If in doubt, and you have a home theatre/cinema system, buy or borrow a DVD-Audio disc. Just one. Any one. It will play on your DVD-Video player. Even dealers don't seem to know this.

Then, just listen.

Make sure to do this before deciding to buy any new CD player!
 

Bronze Member
Username: Black_math

Post Number: 39
Registered: Dec-03
I would say that if I was intereysted in hi-rez audio, skip DVD-A and look into hybrid SACD. They are evrey bit as good as DVD-A, will play on any CD player. The SACD catalog puts DVD-A to shame. In fact, the DVD a catalog is really, really, really bad and they have yet to release hybrid discs. (I think they should ban the distribution of all non-hybrid DVD-A and SACD.)

Or, buy the new Modest Mouse, Wilco, Dead Kennedy's, Beta Band, Morrissey, or other release on CD or LP enjoy them and be comforted that you will still be able to play (and sound great) in ten years. Nobody can say that will happen with pure DVD-A or SACD.
 

Silver Member
Username: John_a

Post Number: 528
Registered: Dec-03
Ben,

Here, we part company. Most people prefer not to live in caves.

You can't get Dylan on DVD-A because Sony wants to keep you on the hook. You can't get a Sony DVD-A player because they want you to buy from their catalogue. If you like Dylan, stop him being used as bait.

They've got you, friend. And they'd pay you to work out a way to ban non-hybrid discs. That's what they started with, and it flopped.

Pure DVD-A will sound great as long as people have ears.

There will certainly be something even better one day. The over-riding principle then, as now, must be let people choose for themselves.

If we don't, then neither you nor I will live to hear it.
 

Bronze Member
Username: Black_math

Post Number: 41
Registered: Dec-03
John, just to be sure.

Are you saying SACD is not quality sound???

You are suggesting that people should buy a DVD-A player and DVD-A's just to have them. It doesn't matter if what you want to hear the new Twilight Singers release, if it isn't on DVD-A, don't buy. Instead go for a DVD-A of a lesser recording and be amazed by how good it sounds (nevermind that the music is subpar). The format is what is most important.

I would think that buying "Blackberry Belle" would be deciding for yourself that the most important thing is having the release that you want.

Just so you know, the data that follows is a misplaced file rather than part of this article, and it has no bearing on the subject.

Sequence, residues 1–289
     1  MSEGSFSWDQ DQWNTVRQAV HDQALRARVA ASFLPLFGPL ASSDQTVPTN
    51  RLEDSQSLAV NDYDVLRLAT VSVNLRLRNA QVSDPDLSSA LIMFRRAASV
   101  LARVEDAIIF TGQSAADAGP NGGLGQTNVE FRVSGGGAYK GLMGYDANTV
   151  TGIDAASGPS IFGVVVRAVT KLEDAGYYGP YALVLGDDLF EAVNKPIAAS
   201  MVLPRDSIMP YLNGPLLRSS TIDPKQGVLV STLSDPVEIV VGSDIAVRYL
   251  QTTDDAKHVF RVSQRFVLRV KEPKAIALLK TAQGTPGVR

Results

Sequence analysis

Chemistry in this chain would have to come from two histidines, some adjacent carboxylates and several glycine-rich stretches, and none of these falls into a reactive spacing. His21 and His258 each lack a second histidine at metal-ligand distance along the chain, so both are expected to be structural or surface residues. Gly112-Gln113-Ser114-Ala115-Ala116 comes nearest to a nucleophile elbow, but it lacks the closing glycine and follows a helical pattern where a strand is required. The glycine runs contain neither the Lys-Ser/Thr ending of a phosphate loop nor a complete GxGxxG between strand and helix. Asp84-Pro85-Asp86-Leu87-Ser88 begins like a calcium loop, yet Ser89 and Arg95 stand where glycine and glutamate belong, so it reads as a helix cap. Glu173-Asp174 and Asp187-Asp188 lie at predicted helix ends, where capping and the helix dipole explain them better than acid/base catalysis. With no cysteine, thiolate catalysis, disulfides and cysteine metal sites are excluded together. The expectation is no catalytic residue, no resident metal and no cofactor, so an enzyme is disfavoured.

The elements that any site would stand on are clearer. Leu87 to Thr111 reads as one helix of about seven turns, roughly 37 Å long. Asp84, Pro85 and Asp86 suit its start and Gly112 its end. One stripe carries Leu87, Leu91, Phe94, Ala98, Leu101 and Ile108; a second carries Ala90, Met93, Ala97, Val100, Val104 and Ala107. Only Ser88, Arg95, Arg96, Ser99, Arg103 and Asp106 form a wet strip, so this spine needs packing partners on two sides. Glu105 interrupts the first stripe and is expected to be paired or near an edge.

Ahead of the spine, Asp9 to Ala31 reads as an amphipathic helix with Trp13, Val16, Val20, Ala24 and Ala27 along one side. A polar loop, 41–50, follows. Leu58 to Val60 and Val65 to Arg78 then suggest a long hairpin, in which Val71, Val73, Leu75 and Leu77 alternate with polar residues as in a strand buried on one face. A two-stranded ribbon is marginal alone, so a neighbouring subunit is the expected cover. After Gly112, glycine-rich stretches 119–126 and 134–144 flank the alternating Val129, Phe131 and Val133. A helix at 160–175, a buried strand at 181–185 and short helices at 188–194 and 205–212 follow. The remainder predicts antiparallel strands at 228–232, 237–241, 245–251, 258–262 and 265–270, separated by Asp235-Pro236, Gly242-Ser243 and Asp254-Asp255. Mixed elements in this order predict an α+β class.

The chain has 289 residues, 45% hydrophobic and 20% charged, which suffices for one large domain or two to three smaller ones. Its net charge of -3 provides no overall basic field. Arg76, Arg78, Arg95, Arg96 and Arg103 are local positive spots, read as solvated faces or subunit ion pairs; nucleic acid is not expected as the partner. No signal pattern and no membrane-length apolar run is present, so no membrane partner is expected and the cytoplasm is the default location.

BTW, I know I can listen to my "Nashville Skyline" SACD on my Arcam CD92T and it trumps the prevoius release (although it sounds better on my Sony SACD player). I waited a long time for them to remaster the Dylan catalog, and bought it on that merit...SACD was just a nice bonus.
 

Silver Member
Username: John_a

Post Number: 531
Registered: Dec-03
Ben,

Thanks.

No, I am NOT saying SACD is not quality sound.

Neither am I saying "...that people should buy a DVD-A player and DVD-A's just to have them".

In the first place I am saying one thing. I am saying it because I've only just found it out for myself, also because a lot of people, whom I know would be interested, don't seem to know it.

It is this: DVD-Audio is quality sound. And that is a big understatement. Furthermore, DVD-Audio sound is way ahead of CD sound. It leaves it at the starting blocks.

That surprised me, I must admit. But debating with folk like you and Gregory helped me make up my mind to get a DVD-A player. I thank you.

Now, I think I am probably much less wedded than you to any particular recording artist. And the genres I particularly like are all over the place, different groups, different labels. So I am pretty well free to choose. I have some long-standing loyalties, too, but I'm not generally bothered with the latest release. The labels I like seem to be ones willing to take commercial risks, but I'll also buy discs from Sony, Warner, BMG, whatever. There are just a couple of small, independent labels I like that are already commited to SACD, but they are independent, so we'll see. One is Linn, which railed and railed against CD when it first came out, but eventually saw which way the wind was blowing.

In fact, I know some musicians whose genre is not anywhere at all in surround sound, yet, but would be perfect, and I mean to write to them. Chances are they know already. I've also written to a label which went into receivership recently, but is promising to come back with its catalogue. BTW, that label was right at the edge in CD, was first to close LP production, I think in 1984. It was the only independent in UK mastering and pressing CDs for years, while the mass market was still dithering about whether CD would ever catch on. I just admired their courage on that.

So, I can pretty well choose any format I like. And, for now, with the money at my disposal, I choose DVD-A.

As regards the music available, it just isn't true to say the stuff on DVD-A is sub-par. Quite on the contrary. True, if anyone particularly wants some recording artists, it may well be that SACD has it stitched up, for the time being, but that can also be true for DVD-A. That is certainly something to check out before people decide which way, as individuals, to go.

Yes, the Dylan catalogue was a breeze for Sony, but they'd already bought CBS. As I said before, a good indicator for the future is what EMI does with the Beatles and the Stones catalogues. That's a key issue. I believe it is still under discussion. But those discussions will be in board rooms in places like Tokyo, London, and New York, and the suits around the table will probably never have heard of "The Lonesome Death of Hattie Carrol", except they will probably have a mole to tell them Sony's projected return on the Dylan catalogue. That's their kind of language.